Raising major public policy questions in one of the most closely watched cases on the U.S. Supreme Court’s docket this term, an Orrick appellate team today filed an amicus brief on behalf of former high-level officials of the U.S. Customs and Border Protection (CBP) Office of Internal Affairs.
The brief was filed in Hernandez v. Mesa, which considers whether a civil suit can be brought against a U.S. Border Patrol agent who was standing in the United States when he shot and killed an unarmed Mexican teenager playing with friends on the Mexican side of the border.
The Supreme Court earlier this year agreed to hear the case, which involves the fatal 2010 shooting of 15-year-old Sergio Hernandez Guereca. The amicus brief urges the Supreme Court to side with the victim’s family and permit a lawsuit to proceed in the U.S. courts against the border patrol agent responsible for the shooting.
The brief outlines significant evidence that these types of cross-border shootings are not isolated occurrences, but rather a predictable consequence of the militarization of the U.S.-Mexico Border and the inadequate screening and training of Border Patrol agents. The Orrick appellate team represents James F. Tomsheck, the Assistant Commissioner of the CBP Office of Internal Affairs from June 2006 to June 2014, and James Wong, the Deputy Assistant Commissioner of the CBP Office of Internal Affairs from December 2008 to December 2011.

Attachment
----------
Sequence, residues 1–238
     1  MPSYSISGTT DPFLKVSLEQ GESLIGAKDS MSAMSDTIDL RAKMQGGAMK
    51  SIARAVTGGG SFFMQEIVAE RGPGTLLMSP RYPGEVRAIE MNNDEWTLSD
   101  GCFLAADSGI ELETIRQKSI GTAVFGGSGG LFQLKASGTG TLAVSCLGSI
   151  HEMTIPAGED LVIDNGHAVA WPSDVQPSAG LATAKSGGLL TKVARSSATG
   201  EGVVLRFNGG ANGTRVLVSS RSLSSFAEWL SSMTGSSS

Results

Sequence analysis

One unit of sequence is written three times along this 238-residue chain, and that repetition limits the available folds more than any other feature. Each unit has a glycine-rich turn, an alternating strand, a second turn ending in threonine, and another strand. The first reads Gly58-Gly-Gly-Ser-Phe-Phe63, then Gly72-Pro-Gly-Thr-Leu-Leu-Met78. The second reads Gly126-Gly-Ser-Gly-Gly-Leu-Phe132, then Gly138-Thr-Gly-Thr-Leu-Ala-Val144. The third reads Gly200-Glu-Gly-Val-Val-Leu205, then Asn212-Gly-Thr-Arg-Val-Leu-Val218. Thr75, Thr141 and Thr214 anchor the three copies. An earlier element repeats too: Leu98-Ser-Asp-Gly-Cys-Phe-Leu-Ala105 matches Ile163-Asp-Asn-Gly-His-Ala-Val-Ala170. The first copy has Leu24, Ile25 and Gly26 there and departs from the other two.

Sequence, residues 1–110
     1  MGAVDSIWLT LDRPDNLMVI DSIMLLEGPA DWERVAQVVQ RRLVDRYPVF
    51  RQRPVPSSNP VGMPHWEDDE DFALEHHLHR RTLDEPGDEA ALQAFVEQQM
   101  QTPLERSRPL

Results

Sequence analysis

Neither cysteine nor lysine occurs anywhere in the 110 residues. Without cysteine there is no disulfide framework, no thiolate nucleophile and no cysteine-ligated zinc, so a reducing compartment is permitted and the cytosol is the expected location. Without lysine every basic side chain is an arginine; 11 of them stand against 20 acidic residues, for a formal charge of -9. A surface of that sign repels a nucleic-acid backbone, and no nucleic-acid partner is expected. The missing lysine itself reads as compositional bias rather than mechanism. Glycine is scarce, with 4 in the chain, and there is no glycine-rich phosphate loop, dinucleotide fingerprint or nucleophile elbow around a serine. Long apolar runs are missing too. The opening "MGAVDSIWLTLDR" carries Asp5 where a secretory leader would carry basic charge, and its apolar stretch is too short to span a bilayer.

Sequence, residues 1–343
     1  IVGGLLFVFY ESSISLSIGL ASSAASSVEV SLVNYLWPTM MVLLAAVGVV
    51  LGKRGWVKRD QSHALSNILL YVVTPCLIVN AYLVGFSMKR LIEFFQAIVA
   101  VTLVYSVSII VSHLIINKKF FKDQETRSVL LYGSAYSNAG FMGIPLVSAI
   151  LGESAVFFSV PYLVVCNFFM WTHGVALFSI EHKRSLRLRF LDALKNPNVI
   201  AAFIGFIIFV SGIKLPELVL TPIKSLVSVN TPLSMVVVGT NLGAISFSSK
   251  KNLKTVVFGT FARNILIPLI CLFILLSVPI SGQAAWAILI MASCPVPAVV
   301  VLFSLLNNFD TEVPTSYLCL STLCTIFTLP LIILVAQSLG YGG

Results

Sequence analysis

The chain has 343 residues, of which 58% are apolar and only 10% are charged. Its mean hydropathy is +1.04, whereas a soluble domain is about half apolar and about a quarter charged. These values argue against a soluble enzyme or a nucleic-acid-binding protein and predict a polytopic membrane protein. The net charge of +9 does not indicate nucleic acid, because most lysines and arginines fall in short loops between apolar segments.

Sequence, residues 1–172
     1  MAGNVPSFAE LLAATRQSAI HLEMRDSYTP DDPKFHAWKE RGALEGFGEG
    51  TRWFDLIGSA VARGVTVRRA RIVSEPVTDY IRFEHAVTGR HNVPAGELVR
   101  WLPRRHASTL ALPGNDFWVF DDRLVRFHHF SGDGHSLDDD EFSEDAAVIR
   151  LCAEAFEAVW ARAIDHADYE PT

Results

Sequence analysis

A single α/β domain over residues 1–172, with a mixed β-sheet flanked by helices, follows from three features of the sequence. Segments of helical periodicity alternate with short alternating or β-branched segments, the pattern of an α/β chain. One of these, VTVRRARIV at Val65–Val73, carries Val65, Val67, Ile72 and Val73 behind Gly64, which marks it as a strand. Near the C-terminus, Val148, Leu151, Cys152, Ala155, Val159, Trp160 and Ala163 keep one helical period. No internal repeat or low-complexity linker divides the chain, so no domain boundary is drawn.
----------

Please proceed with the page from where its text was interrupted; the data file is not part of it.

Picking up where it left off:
The amicus brief notes that Board Patrol agents who unnecessarily shoot and kill people on the U.S.-Mexico border face scant threat of internal discipline or criminal prosecution, leaving civil suits as the only viable option to hold agents responsible for their actions.
“Sergio Hernandez should not have been killed,” the amicus brief states. “He was an unarmed teen who did not pose an imminent threat to the U.S. Board Patrol agent, Respondent Jesus Mesa Jr., who shot him. But because of conditions within the Border Patrol, similar incidents will likely continue to occur if agents cannot be held accountable in civil suits.”